U.S. Rep. Jeff Denham offered an amendment to the Restoring Healthy Forests for Healthy Communities Act (H.R. 1526) Friday, which he says will assist in cleaning up following the disastrous Rim Fire.
The amendment will waive judicial review of any timber salvage project resulting from a wildfire in 2013. It was approved by the House of Representatives by a 243-172 vote.
“The permitting process is typically fraught with problems, lawsuits, delays and frustrations,” Denham said. “My hope is that this amendment will speed up timber salvage projects on the acres burned in this tragic fire and that the timber can be used for much-needed jobs benefiting local economies throughout the state and nation.”
The amendment limits litigation against salvage logging operations working in wildfire-affected areas. Denham says the bill also jump-starts the economy, as wood will be sent to local mills creating jobs and tax revenues for impacted counties.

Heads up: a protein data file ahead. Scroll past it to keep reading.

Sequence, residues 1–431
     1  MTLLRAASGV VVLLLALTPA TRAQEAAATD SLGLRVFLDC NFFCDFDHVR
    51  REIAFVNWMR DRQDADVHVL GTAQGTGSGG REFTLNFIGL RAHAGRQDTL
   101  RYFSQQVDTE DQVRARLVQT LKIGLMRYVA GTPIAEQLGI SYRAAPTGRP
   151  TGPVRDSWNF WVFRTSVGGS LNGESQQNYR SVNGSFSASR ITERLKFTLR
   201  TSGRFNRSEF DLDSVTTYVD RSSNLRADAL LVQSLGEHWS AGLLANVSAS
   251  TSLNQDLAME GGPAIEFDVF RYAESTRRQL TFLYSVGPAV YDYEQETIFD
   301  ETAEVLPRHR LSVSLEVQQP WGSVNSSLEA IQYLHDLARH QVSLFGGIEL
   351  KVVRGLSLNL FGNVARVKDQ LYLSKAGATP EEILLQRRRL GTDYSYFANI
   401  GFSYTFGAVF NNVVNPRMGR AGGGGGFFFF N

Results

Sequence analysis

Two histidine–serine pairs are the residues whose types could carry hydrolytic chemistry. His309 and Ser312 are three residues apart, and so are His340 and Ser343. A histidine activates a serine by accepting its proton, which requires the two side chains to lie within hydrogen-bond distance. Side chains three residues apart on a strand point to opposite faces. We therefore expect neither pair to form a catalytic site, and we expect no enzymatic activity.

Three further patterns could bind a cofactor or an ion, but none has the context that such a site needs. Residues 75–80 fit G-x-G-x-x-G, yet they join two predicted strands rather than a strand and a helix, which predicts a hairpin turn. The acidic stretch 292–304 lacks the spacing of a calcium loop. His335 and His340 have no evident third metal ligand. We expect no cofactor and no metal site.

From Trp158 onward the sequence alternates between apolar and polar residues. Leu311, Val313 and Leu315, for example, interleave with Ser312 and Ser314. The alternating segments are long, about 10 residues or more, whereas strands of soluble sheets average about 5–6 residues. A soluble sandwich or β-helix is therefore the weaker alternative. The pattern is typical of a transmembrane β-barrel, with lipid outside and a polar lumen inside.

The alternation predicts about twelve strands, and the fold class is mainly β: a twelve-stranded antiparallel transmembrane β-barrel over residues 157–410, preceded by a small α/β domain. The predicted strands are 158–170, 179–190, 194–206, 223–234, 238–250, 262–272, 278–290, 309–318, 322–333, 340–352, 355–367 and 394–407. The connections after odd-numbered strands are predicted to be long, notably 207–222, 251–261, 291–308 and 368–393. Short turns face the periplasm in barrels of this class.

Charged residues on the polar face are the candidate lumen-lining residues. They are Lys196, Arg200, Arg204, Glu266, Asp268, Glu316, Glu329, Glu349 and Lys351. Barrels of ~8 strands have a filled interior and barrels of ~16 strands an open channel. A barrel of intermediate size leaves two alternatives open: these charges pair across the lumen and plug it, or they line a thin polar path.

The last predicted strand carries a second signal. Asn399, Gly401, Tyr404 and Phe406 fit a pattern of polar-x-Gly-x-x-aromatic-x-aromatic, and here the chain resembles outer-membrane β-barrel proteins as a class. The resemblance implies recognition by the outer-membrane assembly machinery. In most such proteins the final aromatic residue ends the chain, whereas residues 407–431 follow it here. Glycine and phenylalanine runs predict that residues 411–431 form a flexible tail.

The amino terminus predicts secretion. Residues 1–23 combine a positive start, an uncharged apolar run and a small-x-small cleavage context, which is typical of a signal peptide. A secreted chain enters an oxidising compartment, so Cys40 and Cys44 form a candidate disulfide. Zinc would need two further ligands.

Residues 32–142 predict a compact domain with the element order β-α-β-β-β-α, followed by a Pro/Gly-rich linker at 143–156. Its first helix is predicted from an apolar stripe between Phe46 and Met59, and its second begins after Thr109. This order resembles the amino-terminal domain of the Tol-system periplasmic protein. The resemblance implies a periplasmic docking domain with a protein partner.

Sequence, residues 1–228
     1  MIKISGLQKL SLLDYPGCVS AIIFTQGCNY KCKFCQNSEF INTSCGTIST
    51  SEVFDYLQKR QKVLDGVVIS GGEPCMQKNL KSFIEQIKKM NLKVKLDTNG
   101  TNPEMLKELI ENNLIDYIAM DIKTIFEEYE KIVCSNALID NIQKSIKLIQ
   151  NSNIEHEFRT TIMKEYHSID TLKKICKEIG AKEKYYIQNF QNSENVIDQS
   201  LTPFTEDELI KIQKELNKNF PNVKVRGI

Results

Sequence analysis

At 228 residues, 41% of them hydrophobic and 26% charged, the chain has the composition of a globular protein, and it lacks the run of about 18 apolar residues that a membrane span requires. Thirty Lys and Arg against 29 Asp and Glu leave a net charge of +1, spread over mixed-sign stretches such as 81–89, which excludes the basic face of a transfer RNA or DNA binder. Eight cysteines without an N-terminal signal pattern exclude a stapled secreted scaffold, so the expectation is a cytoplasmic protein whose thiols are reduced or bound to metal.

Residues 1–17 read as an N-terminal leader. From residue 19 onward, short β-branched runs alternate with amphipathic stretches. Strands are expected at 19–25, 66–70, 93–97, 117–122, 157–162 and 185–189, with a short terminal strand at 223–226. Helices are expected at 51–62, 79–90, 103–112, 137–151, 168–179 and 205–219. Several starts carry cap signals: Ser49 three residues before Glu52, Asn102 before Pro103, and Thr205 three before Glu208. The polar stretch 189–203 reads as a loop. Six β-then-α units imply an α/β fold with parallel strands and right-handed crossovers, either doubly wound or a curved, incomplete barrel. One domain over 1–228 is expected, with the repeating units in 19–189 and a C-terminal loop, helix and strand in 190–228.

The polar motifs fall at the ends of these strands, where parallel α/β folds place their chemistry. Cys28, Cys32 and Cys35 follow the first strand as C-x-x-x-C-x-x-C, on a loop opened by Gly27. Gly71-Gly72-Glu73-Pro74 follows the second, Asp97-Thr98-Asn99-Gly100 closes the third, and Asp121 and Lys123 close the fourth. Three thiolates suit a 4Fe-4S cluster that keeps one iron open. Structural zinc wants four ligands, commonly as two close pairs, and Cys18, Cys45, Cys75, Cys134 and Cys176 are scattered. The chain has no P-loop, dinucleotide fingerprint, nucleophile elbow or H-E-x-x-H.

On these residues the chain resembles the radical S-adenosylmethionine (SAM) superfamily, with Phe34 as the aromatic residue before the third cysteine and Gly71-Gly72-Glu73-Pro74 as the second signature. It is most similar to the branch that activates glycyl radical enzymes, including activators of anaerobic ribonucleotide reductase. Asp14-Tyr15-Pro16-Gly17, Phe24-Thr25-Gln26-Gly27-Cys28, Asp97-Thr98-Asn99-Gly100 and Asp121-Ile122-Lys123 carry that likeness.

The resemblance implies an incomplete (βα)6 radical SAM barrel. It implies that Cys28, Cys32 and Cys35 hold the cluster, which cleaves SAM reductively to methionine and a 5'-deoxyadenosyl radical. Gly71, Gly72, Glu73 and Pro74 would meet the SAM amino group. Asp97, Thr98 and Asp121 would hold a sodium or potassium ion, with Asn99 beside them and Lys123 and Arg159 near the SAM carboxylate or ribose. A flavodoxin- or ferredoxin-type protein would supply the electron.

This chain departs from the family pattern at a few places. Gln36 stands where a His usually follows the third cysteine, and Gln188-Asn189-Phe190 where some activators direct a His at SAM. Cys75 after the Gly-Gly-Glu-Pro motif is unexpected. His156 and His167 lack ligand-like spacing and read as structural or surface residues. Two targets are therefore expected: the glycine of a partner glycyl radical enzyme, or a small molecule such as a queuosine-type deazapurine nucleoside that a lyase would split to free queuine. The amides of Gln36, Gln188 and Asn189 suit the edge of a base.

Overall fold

“While no amount of money can recoup the damage and the danger of the Yosemite Rim Fire, we need to help our communities by removing the red tape currently forcing them to suffer more,” Denham said.
The Act as a whole requires increased timber production on commercial national forest land. Denham's representatives say the bill improves forest health by reducing the risk of catastrophic wildfires – like the Rim Fire.
Since Aug. 17, the Rim Fire has burned 4,00 square miles in the Stanislaus National Forest and Yosemite National Park, making it the third largest fire in California history. It is currently 84 percent contained.
Approximately 25 percent of the Turlock Irrigation District watershed was burned by the Rim Fire, with 12 percent of the watershed severely burned. The water, used to irrigate TID growers' farms, may come quickly in flood-like conditions, and will likely be full of soot and other debris.
TID expects the federal government to assist in dealing with costs of the Rim Fire's impacts.